How does an artwork’s context impact our appreciation of it? The art world often responds to context by negating its existence. Art is displayed in neutral white galleries, removing the distractions of an outside environment. Unfortunately, life is not so simple.
When I asked Justin about the role of context in his work, I learned that it is often an unknown. Part of the excitement is seeing how the work reads in its setting. Wreck was commissioned by a collector to be displayed outdoors in his garden. In this context, Wreck is an exquisite “car on blocks.” In the affluent suburbs of Philadelphia, Wreck is a luxury representation of squalor. For Philadelphia Contemporary’s exhibit, the first choice of display was 30th Street Station, Philadelphia’s main train station. Parked in the main hall amidst the constant flow of travelers and commuters, it would have been a commentary on mass transit, car culture and road safety. When a suitable location at 30th Street Station could not be agreed upon, the exhibit moved to Pier 9. In this setting, it appears to be a sparkling victim awaiting its fate at a chop shop. In each case, the context impacts the potential meaning of the piece, how a viewer might engage it, and ultimately their satisfaction with the experience.
When designing customer experiences, the experience cannot be considered a discrete entity separate from its context of use. Context directly impacts user perceptions and ultimately impacts success. In our increasingly mobile culture, context is often outside a designer’s control – be prepared for variability.
Never be rigid in your vision, allow constraints to provide new opportunities.
After hearing about the painstaking process of creating Wreck, I was curious about the choice of material. The polished stainless steel is beautiful. I was surprised to learn that this was not Jordan’s first choice. Originally, he envisioned Wreck would be made of transparent glass, but the cost and fabrication time were prohibitive and he had to find a suitable alternative.
Looking back at the material evolution of Wreck, one appreciates the value of constraints as opportunities. Although the material choice was dictated by cost, the reflective surface provides much more than the value of the expense saved. Assuming the original selection of transparent glass was intended to dematerialize the presence of the car, the mirrored stainless steel achieves this goal in a way that further enhances the viewer’s experience. Oscar Wilde wrote, “It is the spectator, and not life, that art really mirrors.” Wreck’s mirror finish fractures reflections of the viewer and the surrounding context in the folds of its multifaceted surface. One can literally see themselves in the scene of the accident.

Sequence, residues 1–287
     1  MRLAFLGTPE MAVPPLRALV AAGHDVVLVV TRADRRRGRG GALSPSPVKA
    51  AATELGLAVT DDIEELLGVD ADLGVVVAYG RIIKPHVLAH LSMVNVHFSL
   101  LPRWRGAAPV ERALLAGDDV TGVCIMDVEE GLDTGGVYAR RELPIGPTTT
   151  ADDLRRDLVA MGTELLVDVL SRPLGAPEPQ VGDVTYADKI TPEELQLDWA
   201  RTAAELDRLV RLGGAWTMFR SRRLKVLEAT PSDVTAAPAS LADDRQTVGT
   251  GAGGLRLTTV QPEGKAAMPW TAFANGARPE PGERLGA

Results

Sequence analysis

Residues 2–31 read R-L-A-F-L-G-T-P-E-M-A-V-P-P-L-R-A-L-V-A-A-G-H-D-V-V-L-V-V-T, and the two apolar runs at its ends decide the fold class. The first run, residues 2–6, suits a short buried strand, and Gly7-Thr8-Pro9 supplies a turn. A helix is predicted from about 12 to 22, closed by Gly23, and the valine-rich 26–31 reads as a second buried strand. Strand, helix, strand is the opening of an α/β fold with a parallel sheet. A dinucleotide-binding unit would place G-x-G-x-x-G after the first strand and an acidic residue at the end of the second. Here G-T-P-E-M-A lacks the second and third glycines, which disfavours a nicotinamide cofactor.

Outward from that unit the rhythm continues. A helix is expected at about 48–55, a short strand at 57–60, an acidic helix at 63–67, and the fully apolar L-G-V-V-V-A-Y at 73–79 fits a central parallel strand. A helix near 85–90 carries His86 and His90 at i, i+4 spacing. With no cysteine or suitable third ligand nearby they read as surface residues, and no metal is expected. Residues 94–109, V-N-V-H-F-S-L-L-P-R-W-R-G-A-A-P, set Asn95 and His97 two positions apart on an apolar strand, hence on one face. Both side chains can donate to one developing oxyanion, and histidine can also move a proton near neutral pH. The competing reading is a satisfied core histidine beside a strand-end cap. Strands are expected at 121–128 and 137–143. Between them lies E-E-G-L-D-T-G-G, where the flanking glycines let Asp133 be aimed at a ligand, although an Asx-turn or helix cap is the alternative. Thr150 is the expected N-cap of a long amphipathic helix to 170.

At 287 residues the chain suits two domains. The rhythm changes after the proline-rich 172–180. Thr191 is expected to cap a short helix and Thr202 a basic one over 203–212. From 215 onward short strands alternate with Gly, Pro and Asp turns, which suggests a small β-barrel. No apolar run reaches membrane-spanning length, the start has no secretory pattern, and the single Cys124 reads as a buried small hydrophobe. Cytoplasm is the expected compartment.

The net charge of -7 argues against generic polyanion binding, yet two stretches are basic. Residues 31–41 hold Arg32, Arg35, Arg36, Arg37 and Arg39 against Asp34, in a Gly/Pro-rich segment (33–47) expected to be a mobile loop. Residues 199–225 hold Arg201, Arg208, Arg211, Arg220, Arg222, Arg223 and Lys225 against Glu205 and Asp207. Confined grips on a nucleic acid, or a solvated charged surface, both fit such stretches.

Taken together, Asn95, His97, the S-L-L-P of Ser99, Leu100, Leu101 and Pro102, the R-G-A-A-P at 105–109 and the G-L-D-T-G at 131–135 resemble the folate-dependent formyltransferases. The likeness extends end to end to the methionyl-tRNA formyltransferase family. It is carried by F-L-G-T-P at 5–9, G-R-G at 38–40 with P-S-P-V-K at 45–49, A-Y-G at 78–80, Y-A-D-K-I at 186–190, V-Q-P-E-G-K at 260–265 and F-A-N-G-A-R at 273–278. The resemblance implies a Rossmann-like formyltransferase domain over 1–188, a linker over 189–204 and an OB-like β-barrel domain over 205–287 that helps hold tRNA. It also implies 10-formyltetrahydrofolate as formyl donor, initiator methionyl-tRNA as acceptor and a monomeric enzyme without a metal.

In any design endeavor, be prepared to accept constraints and view them as opportunities to improve the outcomes of the project. No great design was ever created without constraints. Constraints force you to consider your choices more carefully and to deploy your resources more wisely. In designing customer experiences, the limits on the experience can ultimately serve to expand the user’s enjoyment and satisfaction.
Fundamentals should always be questioned. This leads to innovation.
Lastly, one of the most basic lessons learned from Wreck is that fundamentals should always be questioned and not taken for granted. In Wreck, Jordan tackled the fundamental questions at the root of creating art, What is art? and What is beauty? He questions our concept of art by painstakingly hand-crafting a representation of an object of mass production. In art, the singular original is always more valuable than serial production. The automobile is mass produced, it is not art. Furthermore, Jordan’s method of production embraces the potential of digital fabrication to easily create multiple replicas. Once the code is written, reproduction is a matter of pushing a button. Is Wreck art or production?
In addition, Jordan also questions our concept of beauty. Wreck is beautiful, but not in any conventional sense. Wreck is sublime. It captivates us with its display of destruction, fear and potential death. It is a thrilling kind of beauty that stays with you long after viewing it. I have been contemplating it for three months.
When considering how to engage customers more effectively, follow Jordan’s method and question the fundaments: What does it mean to engage a customer? and What is a customer? Questioning these fundamentals shifts the exercise away from simple, superficial answers to a more meaningful exploration of users and their needs.
Answering fundamental questions about art and beauty drove Jordan’s choices and enriches the viewer’s experience. In his artist statement on his website he says,
“…I complicate the ways in which we think about these objects and their associations. In this way, my work increases awareness of objects’ pasts and symbolic qualities as they relate to American identity in order to invite viewers to imagine alternative futures.”
How can you take up Jordan’s challenge, question your fundamentals and imagine alternative futures for how you engage your customers?
Special thanks to Harry Philbrick and Tina Plokarz of Philadelphia Contemporary for inviting me to lead the discussion, and to Jordan Griska for a great conversation.